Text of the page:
Henry, a USA Rugby-certified coach, quickly dismissed the comparisons to football when it comes to concerns over the game’s safety.
“If you have any questions, come watch us play and practice - rugby is safer than football,” Henry said. “The difference between rugby and football is the training. The concussion rate is much smaller than it is in football.”
In football, a defenseless player can be victimized quickly, especially with players running full speed at their targets. As Henry explained, rugby has many differences from football, mainly “scrums” or “scrummages,” where players are packed closely together to restart play as they fight for possession rather than the clashing together of lines in football.
“When you see a scrum, that’s just two teams coming together like the frontline in a football game,” Henry said. “But, the players bind together to push one to either side to win the ball by kicking the ball backward. It’s not as dangerous as people think. It’s actually much safer than football.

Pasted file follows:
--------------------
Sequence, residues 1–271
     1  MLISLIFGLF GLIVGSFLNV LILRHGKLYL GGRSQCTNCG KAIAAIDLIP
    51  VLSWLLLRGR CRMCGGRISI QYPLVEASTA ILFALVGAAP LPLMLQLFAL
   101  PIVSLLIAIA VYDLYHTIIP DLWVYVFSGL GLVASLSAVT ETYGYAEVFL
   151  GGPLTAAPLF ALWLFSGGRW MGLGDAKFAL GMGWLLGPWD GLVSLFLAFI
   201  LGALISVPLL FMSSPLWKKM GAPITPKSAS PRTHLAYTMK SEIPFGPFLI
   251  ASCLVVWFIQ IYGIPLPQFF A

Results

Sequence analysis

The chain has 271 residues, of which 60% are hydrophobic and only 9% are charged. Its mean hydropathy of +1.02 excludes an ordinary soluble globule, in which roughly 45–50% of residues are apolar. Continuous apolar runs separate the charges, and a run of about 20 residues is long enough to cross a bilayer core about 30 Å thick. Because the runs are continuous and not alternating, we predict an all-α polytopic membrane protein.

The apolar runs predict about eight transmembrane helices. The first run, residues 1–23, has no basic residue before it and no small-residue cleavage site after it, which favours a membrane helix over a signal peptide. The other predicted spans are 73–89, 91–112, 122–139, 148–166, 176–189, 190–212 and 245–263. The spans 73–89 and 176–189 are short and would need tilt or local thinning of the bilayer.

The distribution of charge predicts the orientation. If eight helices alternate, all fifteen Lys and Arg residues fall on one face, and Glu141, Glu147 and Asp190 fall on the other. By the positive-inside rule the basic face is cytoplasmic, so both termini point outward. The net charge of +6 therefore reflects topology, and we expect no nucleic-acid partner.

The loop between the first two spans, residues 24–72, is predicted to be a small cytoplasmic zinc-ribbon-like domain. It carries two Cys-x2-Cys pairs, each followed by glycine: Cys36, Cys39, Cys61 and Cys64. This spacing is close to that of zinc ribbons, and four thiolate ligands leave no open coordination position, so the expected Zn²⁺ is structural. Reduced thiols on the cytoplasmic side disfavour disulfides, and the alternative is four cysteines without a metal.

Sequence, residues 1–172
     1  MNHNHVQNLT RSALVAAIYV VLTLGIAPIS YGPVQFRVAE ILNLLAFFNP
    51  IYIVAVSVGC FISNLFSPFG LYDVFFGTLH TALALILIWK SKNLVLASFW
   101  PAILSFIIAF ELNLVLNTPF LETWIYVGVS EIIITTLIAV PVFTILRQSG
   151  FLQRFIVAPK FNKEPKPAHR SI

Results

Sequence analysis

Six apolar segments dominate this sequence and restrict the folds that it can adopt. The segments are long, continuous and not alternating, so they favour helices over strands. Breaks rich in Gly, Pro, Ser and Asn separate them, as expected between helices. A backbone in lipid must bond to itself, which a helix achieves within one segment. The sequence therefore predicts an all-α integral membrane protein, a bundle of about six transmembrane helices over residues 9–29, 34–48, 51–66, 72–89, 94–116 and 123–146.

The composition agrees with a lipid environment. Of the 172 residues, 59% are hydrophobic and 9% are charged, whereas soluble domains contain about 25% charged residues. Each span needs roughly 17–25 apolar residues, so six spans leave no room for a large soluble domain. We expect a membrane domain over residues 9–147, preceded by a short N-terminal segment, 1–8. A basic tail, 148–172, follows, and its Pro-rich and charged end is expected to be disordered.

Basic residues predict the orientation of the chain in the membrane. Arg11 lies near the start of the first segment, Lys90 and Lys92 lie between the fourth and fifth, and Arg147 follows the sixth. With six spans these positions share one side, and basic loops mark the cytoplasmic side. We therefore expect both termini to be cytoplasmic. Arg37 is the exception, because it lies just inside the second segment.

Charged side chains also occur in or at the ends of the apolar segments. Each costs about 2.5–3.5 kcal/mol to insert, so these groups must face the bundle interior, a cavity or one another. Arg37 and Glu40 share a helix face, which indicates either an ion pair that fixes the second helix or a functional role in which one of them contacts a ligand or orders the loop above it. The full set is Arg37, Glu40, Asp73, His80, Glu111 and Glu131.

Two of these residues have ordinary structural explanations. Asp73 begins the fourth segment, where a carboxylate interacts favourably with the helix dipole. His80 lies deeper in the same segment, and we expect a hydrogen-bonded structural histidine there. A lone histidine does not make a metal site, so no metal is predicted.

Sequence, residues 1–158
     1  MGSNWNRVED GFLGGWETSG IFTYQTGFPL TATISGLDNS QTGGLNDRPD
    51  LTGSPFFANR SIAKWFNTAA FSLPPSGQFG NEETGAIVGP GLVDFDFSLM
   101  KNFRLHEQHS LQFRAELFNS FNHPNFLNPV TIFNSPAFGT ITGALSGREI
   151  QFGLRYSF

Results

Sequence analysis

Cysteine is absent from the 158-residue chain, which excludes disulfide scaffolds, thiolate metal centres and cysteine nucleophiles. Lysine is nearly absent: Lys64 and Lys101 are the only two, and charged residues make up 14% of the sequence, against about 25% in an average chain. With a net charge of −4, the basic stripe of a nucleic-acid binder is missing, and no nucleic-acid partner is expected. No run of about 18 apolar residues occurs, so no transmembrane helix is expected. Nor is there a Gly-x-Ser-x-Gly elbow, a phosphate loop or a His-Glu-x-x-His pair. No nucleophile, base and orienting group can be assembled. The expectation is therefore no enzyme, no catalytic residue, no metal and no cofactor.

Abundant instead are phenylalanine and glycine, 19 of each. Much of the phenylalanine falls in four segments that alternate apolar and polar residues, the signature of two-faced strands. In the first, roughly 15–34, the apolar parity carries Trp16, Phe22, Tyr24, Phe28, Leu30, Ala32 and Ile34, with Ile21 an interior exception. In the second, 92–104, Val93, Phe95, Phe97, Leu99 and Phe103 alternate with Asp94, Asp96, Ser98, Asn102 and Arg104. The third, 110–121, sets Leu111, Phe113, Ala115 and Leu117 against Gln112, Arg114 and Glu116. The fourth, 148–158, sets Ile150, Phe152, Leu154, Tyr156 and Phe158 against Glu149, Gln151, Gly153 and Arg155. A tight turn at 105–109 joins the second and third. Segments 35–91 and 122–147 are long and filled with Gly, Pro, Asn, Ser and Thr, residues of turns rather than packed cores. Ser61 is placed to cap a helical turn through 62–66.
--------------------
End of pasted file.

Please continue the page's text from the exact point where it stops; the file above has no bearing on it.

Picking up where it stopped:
“We are strict in our training and drills,” she said. “Tackling, we wear no pads, just mouth guards and cleats. You’re not trying to knock someone off their feet. You’re going cheek-to- cheek, just stopping forward progress. There are no high-hits. You’re actually using your shoulders to wrap around someone’s waist and take them to the ground.”
Now is the time to start playing rugby
While the sport is still in its infancy here in Delaware, the spike in interest at Wesley is a good sign that rugby is on the rise in the First State.
Since moving the women’s program to tier II, the team has 28 women ready to take the field for the Wolverines, while the men’s team has more than 35 members for the fall team.
While the growth is positive, for a real substantial spike in participation it will take bringing the game to high schools.
“It’s important that we get into the high schools now so everyone gets a chance to play rugby,” Henry said. “It doesn’t matter your size, we’re a family. It’s the biggest fraternity you’ll ever be a part of.”